When we are young, we sometimes think peace is just a word sewn onto the cover of a needlepoint pillow, but as we gain life experience we begin to grasp that peace can be elusive and hard to conjure, especially in tumultuous or trying times.
Jesus himself promised, “These things I have spoken unto you, that in me ye might have peace. In the world ye shall have tribulation: but be of good cheer; I have overcome the world.” (John 16:33)
This time of year when the Christmas story is retold on commercials and through cartoons we have a tendency to forget that these were real people with real desires and that this truly did happen. Sometimes, I imagine myself there at those sacred events and places and I feel just a part of what each of these people must have felt, being so very close to a miracle. A king. A babe lying in a manger that would change the course of history and the world.
Mary was a young woman with a plan for her life. Joseph was a young man who just wanted to marry his bride and be a carpenter. The shepherds were men who loyally watched their sheep on unassuming hillsides. Until the angels informed them of God’s plan, they were unaware and were humble people more or less like you and I.
Each of them were humble, obedient and brave. Often we don’t applaud people who are submissive and humble. We don’t see them as courageous. Their actions are not viewed as earth-changing. Yet, here was a young woman and a young man who were asked to alter the course of their planned life. They were afraid yet moved forward. They were concerned yet had faith. They struggled yet conceded their will to God’s.
Because of their humility, obedience and bravery they were blessed with peace, power and protection. And because of their willingness, each one of us in this room has been given a Savior. Bread of Life. Redeemer. Good Shepherd. King. Light of the World. Messiah. Prince of Peace.
A Unitarian minister named Edmund Sears wrote a poem published in 1849 at a time when our country was recovering from the Mexican-American war. It spoke to social and political strife as the country was approaching the Civil War in years to come.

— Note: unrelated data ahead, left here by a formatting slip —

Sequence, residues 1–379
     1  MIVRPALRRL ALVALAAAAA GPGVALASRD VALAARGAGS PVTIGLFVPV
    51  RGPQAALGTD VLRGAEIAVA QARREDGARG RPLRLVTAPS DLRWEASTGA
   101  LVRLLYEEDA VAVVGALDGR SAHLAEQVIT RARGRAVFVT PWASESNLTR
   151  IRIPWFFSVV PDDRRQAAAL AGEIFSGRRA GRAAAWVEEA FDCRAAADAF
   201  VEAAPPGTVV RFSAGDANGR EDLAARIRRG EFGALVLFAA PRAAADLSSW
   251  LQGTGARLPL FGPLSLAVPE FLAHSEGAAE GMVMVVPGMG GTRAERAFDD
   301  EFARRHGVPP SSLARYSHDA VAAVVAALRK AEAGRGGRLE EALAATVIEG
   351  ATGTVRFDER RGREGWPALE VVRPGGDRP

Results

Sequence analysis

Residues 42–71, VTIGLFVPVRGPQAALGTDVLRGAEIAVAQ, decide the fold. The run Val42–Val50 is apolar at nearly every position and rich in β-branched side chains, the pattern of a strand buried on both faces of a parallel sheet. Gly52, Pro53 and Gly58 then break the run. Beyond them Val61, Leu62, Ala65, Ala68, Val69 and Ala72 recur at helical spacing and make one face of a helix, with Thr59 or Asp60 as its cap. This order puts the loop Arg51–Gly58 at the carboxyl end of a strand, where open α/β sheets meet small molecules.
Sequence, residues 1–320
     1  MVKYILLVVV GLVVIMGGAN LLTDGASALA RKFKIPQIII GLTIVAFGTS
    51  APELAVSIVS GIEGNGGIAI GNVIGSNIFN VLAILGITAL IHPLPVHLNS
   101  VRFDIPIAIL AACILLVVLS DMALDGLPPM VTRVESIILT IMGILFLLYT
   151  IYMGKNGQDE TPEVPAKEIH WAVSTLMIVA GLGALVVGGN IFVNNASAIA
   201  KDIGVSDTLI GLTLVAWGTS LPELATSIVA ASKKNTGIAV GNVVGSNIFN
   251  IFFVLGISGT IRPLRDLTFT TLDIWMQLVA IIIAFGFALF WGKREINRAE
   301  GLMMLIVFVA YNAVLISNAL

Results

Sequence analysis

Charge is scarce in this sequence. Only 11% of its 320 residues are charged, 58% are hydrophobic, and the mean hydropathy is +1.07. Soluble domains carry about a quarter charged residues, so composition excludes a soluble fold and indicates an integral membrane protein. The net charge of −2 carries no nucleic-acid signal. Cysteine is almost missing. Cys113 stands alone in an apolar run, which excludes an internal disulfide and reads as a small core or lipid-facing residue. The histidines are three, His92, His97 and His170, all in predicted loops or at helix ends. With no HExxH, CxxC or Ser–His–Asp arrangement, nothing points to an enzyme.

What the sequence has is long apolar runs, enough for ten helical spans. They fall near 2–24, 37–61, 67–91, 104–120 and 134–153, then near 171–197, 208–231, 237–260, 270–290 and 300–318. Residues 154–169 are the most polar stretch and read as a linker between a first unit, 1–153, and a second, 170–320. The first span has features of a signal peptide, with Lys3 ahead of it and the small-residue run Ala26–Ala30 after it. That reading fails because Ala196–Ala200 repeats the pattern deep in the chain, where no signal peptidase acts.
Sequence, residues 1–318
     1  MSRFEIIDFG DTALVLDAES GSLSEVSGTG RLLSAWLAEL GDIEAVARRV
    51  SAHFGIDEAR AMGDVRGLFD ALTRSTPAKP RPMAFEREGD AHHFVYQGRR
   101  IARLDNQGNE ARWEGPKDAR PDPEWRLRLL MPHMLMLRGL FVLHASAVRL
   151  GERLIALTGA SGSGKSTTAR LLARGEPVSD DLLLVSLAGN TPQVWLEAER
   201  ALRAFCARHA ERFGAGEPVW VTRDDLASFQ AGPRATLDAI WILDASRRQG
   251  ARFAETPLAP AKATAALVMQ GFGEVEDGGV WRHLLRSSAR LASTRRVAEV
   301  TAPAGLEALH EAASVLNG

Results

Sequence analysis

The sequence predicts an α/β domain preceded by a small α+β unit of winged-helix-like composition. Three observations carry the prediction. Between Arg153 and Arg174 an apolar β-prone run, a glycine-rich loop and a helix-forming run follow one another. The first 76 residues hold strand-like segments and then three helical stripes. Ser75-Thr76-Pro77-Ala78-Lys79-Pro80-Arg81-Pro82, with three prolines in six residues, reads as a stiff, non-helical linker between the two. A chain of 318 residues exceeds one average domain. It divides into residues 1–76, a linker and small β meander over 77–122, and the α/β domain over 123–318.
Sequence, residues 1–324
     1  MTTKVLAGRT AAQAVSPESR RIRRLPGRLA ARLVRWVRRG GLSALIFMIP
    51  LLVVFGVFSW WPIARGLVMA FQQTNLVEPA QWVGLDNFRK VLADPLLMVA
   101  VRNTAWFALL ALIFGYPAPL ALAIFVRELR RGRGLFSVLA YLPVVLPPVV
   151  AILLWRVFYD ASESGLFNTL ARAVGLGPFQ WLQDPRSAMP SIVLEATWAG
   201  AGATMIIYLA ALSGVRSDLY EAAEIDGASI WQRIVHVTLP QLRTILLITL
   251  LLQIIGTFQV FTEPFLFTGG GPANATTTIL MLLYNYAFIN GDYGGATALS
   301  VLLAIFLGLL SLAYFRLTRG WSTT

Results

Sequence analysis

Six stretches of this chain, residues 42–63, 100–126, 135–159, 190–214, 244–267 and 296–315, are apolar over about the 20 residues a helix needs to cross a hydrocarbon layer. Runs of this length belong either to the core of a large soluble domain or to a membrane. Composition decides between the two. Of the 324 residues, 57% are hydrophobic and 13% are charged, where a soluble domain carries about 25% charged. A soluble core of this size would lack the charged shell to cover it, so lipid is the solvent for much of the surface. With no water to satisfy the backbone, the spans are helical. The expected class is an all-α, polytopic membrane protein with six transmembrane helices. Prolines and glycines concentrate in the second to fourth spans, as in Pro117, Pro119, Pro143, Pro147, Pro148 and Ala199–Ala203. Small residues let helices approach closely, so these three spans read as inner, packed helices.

Later put to music, our beloved Christmas carol “It Came Upon a Midnight Clear” became popular.
A portion of the third verse which is not often sung, states:
And man, at war with man, hears not
The love song which they bring:
O hush the noise, ye men of strife,
And hear the angels sing.
“Probably more than any other Christmas carol, it talks about today. It says to us that the call to peace and goodwill is as loud on any other day as it was on that midnight of old, if we would but listen ‘in solemn stillness.’” (Source)
Perhaps if this humble minister were here with us tonight I think his message would be the same, “Slow down. Listen. Be still. Hear others. Hear God.”
For lo! the days are hastening on,
By prophets seen of old,
When, with the ever-circling years,
Shall come the time foretold;
When the new heav’n and earth shall own
The Prince of Peace their King,
And the whole world give back the song
Which now the angels sing.
Many of us as individuals, families and communities ask ourselves this time of year, “What can we offer the Christ-child? Whom can we serve? What can we give?” Perhaps we can offer to others what He has so freely given to us: grace, forgiveness, hope, assurance and support.
We can extend grace as we assume the best from those around us. We can forgive freely as we remember that we are all on our own journey and on our own path. We can listen without judgement to those who are in pain and even to those who are angry. We can sacrifice time to those who need a friend.
We can forgive and offer up our own anger, justice and hard heart only to be astounded to receive a healed, softer and stronger one in return.
Perhaps the greatest gift we can offer Him this time of year and for all the other days afterward is to see each other as He sees us: men and women with phenomenal potential–imperfect, complicated, sometimes broken children of God who are just doing the best they can with what they’ve been given.
People who if we had been born in their circumstances, might not be much different. People whom He hasn’t finished with yet. People who are loved and cherished just as much as He loves and cherishes you and me.
We can be figurative angels in the lives of those around us when we focus less on the number of prayers we say and more on the number of prayers we may answer. When we notice those with heavy hearts who are lonely and despairing. When we lighten burdens—emotional, physical, financial, or spiritual—when we lift the heavy hearted and hold hands too tired to reach out.
It is much easier to give gifts that can be wrapped and taped. But to offer to others what God has so freely given to us cannot be contained in a box. Our hope at this joy-filled time of year in this tumultuous season in our country is that each of us brings light, joy, understanding, comfort, and yes, even peace through our personal and joined efforts as children of God.
He is the ultimate source of peace. He is the signature point of hope. He is the Way, the Truth and the Light. May we ever strive to be like Him in our words, our relationships and in our acts of service. And when we fall short may we utilize his ever-reaching grace and find hope to try again.
Merry Christmas, dear readers. I hope you find peace and solace at this holy time of year.
This was originally written for a Christmas concert program for the Minnesota Mormon Chorale, a dynamic and community-focused choir based in, well, Minnesota.